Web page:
I’ve lived in Texas throughout the entirety of the Perry administration. He hasn’t been the most awful governor we might have had, but in truth, he’s been mediocre. It is true to say that Perry deserves a little credit for the better economic conditions in the state, insofar as he’s done no particular harm. On the other hand, it’s fair to say that part of the reason Perry’s done no particular harm, and perhaps the sole reason he hasn’t damaged the economy, is because the Texas people, through their legislature, won’t let him. The governor’s real shortcomings are not to be seen so much in the matter of economics, but in his unceasing drive to tamper with the freedoms and lives of Texans for the sake of his corporate cronies.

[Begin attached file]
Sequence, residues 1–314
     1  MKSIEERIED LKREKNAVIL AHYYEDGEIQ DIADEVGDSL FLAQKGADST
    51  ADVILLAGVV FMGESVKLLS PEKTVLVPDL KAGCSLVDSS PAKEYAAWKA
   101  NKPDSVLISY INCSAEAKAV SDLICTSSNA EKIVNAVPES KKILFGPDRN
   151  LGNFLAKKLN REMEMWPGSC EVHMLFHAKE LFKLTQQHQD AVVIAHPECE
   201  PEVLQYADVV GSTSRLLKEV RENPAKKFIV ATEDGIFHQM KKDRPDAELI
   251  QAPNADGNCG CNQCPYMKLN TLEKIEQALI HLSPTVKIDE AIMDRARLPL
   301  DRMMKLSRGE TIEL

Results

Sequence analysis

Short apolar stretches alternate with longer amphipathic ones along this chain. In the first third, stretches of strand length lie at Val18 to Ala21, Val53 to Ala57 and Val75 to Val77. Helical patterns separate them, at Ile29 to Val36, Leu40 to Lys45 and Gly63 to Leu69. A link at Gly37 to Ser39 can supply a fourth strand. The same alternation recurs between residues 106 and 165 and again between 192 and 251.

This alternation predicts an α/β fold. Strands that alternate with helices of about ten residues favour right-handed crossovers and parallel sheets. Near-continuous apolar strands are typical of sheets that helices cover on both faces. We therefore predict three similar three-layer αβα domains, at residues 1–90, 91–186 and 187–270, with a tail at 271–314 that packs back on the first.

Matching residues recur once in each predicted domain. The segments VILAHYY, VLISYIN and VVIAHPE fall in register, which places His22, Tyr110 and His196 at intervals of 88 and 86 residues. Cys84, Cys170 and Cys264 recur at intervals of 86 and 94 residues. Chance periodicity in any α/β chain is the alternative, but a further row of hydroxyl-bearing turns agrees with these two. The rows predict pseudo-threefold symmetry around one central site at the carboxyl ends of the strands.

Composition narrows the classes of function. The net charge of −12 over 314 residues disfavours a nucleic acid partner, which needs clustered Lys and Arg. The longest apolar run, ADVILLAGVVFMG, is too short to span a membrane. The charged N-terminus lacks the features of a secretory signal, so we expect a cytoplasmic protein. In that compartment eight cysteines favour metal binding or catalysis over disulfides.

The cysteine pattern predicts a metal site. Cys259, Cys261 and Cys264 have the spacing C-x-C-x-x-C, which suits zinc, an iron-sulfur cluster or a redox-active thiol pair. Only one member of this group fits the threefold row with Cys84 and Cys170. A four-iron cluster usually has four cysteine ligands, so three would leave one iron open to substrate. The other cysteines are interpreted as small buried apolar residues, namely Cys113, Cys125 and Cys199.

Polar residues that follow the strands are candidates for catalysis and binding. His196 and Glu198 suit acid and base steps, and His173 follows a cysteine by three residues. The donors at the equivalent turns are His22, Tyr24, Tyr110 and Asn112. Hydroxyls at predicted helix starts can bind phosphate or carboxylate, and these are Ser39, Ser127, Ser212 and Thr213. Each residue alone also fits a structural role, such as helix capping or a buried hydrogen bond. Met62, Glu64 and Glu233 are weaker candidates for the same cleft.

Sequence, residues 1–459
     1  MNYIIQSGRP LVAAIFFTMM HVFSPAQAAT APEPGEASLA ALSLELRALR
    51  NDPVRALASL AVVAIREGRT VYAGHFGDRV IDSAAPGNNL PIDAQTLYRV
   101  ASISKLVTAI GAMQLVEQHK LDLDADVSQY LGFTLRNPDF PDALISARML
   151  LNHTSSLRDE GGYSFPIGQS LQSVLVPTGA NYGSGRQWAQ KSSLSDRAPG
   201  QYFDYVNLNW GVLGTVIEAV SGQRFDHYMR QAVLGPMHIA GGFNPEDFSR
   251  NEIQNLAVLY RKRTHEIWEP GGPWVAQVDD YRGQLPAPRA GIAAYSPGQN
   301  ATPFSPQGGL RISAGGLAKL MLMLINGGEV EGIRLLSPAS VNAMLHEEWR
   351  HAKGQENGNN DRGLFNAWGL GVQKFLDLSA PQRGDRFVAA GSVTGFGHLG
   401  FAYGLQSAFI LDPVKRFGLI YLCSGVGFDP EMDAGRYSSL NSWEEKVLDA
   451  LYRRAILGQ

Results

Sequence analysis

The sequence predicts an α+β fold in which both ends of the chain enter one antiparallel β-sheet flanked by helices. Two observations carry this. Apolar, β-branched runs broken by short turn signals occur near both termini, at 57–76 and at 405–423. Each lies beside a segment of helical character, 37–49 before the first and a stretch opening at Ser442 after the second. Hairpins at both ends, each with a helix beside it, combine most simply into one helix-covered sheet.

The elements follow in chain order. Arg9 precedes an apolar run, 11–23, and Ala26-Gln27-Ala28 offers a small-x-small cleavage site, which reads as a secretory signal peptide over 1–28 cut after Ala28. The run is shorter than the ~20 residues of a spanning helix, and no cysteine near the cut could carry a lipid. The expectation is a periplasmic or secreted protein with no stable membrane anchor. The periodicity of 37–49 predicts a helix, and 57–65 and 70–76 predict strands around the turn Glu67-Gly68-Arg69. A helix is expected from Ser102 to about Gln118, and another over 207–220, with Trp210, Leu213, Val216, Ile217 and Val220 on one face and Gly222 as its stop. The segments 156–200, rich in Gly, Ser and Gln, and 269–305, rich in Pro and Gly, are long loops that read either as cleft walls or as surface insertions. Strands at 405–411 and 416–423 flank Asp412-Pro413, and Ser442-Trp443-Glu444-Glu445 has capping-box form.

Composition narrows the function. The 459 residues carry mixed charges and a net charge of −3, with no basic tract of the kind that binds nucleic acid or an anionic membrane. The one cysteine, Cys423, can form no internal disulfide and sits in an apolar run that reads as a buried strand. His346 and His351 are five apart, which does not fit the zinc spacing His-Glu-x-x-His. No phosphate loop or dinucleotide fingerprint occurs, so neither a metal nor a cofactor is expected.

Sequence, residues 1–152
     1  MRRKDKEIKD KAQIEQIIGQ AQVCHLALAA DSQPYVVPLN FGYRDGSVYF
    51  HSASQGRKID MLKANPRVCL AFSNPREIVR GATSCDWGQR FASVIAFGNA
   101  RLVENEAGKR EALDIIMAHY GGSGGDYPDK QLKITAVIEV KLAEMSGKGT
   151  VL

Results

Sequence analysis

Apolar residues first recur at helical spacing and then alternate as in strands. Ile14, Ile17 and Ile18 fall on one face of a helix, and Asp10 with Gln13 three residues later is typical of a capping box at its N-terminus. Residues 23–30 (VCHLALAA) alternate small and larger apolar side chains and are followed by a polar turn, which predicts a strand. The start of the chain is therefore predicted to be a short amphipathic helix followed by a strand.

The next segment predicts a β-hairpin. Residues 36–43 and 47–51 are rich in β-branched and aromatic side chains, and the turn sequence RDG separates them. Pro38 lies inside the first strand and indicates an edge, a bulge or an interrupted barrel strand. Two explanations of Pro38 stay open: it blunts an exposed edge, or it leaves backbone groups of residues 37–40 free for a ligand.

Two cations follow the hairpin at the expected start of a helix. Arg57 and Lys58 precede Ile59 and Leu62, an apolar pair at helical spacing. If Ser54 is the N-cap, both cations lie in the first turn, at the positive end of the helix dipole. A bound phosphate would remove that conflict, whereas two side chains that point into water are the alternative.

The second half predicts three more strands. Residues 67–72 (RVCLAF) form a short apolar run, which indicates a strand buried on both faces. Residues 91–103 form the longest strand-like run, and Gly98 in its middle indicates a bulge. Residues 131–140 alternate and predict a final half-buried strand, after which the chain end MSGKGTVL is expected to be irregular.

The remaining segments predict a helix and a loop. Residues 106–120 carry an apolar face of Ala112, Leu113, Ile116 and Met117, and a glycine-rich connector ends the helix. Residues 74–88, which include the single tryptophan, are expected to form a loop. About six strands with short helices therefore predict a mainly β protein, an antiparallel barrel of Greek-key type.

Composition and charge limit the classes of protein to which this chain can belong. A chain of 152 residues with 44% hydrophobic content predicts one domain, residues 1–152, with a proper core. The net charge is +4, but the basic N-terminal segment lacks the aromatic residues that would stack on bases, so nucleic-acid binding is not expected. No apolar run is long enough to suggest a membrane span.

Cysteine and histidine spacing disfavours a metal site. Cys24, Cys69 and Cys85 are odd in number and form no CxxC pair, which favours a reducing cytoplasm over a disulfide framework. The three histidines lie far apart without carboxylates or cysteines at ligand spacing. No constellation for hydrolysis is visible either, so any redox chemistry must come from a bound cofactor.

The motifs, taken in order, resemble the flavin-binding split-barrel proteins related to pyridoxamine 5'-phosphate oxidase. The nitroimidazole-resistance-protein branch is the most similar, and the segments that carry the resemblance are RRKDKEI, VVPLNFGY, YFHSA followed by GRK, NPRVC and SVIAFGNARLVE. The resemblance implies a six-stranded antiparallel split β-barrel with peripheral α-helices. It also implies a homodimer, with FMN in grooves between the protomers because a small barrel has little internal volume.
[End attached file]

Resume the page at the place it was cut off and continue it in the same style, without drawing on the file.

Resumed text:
One of the issues in which Perry first ran afoul of conservatives was in signing an executive order requiring all sixth-grade girls to receive the three-shot series of vaccines known as Gardasil. The vaccine is intended to prevent contraction of Human Papilloma Virus, or HPV. In an effort that was pushed by a group funded by Merck, the whole situation took on the stink of official corruption in the name of Big Pharma. The problem is that the drug was of questionable efficacy, but more importantly, given the fact that the disease is spread through intimate contact, many Texans wanted immediately to know why the governor of Texas was assuming all their daughters needed this shot, and how the Governor dared to try to push this on them. This began a minor revolt, and the relatively conservative Texas legislature acted to set aside his executive order by a vote of 119-21 in the House, and 30-1 in the Senate. In Texas politics, that’s as stunning a rebuke of a governor as you’re likely ever to see, but it points out the problem with Rick Perry: Business-friendly administrations are what we need for the sake of economy, but leaping into bed with business to the detriment of voters and tax-payers is to take the notion much too far. It could be said that Perry himself needs a form of inoculation, but rather than HPV, instead against his tendency to leap from one corporate bed to the next.